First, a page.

(Alethea Setser, PBS TeacherLine Course facilitator, Interview, Teacher Professional Development Sourcebook, Fall 2009: http://www.edweek.org/go/tsb/setser)
    • Resources
      Teacher Professional Development Sourcebook, Fall 2009: Leveraging Online Learning: http://www.teachersourcebook.org
      Chat Transcript: “Social Networking and Professional Development,” Nov. 12, 2009: http://www.edweek.org/ew/events/chats/2009/11/12/index.html
      Webinar: “Can Web 2.0 Save Professional Development,” Nov. 18, 2009: http://www.edweek.org/go/webinar/webpd
    • Online Professional Learning
      Ideas from the Field
    • Some Lessons Learned
      • Convenience is key for teachers
      • Good content emerges with time—relationships first
      • “Technology skills” are a side benefit—not the goal
      • Plan to change plans
      • Have fun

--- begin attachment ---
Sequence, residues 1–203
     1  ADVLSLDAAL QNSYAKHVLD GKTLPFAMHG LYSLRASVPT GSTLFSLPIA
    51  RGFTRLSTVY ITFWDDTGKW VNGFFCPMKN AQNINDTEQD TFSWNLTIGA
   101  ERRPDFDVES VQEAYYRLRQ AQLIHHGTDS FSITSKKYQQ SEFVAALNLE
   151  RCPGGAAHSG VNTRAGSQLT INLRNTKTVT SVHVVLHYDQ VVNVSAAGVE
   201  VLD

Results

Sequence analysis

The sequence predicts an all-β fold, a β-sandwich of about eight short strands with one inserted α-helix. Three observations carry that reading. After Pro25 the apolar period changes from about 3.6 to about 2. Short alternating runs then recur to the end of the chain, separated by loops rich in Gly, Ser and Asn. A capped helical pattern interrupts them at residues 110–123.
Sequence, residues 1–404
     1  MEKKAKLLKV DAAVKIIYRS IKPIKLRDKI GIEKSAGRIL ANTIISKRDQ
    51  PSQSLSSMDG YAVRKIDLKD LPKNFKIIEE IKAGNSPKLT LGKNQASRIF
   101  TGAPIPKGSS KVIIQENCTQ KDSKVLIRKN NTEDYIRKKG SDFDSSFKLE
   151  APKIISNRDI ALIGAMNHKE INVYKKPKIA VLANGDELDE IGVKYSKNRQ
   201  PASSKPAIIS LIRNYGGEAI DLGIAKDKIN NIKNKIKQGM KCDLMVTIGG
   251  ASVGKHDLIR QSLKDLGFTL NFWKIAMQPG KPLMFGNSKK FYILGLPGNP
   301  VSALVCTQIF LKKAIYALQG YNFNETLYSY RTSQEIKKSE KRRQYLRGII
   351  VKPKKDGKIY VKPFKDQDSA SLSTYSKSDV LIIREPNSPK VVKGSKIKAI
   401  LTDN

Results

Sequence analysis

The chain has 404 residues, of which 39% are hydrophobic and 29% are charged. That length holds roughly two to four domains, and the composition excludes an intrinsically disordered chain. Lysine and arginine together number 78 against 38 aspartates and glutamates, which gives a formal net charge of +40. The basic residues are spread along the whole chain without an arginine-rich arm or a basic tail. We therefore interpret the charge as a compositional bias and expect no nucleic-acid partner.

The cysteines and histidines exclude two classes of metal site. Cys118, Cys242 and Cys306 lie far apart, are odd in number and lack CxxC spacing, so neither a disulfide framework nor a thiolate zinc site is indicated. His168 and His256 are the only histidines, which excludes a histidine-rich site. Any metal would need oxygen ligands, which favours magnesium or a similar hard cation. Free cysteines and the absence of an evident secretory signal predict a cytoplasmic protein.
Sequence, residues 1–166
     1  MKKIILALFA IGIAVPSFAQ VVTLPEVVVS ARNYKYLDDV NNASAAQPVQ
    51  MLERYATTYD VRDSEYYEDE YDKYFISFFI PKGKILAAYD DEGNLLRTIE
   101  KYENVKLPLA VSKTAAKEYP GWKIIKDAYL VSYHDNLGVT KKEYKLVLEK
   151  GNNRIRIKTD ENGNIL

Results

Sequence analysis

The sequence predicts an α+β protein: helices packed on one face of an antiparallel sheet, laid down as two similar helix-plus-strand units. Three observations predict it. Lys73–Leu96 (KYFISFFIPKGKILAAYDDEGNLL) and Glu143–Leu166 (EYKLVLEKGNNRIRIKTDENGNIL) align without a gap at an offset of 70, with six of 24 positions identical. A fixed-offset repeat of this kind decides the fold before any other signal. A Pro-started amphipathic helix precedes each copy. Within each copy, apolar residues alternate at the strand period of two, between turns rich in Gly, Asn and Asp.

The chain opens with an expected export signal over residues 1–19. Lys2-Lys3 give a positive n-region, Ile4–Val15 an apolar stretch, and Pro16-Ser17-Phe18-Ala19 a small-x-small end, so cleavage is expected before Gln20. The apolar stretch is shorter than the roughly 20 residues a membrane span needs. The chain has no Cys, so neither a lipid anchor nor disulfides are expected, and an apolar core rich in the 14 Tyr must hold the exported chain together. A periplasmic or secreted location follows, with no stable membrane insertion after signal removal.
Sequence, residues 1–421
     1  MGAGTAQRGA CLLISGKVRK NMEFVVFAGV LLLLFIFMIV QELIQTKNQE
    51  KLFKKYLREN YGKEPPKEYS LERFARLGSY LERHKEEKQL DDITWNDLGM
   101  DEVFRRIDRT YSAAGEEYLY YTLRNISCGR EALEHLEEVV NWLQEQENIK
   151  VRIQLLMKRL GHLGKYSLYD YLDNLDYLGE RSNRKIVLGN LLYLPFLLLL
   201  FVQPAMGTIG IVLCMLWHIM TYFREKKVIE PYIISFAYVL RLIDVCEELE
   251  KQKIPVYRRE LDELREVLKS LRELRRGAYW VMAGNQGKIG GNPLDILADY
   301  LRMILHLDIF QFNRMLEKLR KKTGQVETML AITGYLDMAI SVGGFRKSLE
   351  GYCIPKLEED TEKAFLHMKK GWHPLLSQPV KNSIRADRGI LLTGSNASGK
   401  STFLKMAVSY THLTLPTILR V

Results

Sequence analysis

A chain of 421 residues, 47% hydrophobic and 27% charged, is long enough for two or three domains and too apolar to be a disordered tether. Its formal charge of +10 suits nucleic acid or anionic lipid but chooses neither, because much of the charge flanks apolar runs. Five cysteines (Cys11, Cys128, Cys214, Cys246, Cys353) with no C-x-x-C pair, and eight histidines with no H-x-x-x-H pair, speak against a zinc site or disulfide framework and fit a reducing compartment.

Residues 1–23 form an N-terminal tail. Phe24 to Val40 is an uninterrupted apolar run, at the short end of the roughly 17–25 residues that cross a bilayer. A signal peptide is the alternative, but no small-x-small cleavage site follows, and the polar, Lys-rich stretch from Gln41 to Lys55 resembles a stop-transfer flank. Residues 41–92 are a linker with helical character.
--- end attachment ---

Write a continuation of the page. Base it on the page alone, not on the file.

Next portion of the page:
• Models & Strategies
      Real-time and lots of time
      Pairs, trios, small & large groups
      Requiring a response
      Nifty ideas: polling, recording, slides and videos, case studies
      KEY PRINCIPLE: Nobody likes to feel dumb
    • Student Characteristics (pair-share review)
      LIST three things about your students that influence the way you set learning goals for them, and plan instruction that will meet their needs. What would another teacher need to know about this class to understand its “learning personality?”
      Share with a partner…
    • Setting Learning Goals (whole-group discussion, individual posts, asynchronous discussion prompts)
      • What makes a learning goal useful, for teachers and students? What makes it worthy?
      • What are some examples of high and worthwhile learning goals that you have set for your students?
      • How specific does a learning goal need to be?
      • Can you identify some inappropriate or lower-quality learning goals?
    • Sample Learning Goals (evaluation polling, deconstruction/reconstruction)
      My learning goals are:
      • For all students to get 80% or above on the quiz
      • Exploring the concepts of density and mass
      • Manipulate three measurement tools; compare results, using two different graphic representations
      • Having students build a model volcano, in cooperating teams